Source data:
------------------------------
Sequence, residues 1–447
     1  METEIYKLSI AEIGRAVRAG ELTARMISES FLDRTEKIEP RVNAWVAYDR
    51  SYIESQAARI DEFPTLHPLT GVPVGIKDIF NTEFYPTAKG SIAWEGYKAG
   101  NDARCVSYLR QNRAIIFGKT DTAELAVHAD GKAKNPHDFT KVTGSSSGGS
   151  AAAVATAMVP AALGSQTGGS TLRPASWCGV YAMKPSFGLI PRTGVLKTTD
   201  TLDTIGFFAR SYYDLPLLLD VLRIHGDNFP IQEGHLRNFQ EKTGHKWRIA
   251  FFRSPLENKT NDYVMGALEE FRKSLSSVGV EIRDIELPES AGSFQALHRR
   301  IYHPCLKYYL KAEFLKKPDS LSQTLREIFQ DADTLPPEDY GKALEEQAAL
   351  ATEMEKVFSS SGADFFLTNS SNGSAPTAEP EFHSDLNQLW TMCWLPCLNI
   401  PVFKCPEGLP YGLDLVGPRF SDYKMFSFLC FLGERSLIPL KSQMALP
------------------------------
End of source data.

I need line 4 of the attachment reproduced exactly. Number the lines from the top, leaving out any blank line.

   101  NDARCVSYLR QNRAIIFGKT DTAELAVHAD GKAKNPHDFT KVTGSSSGGS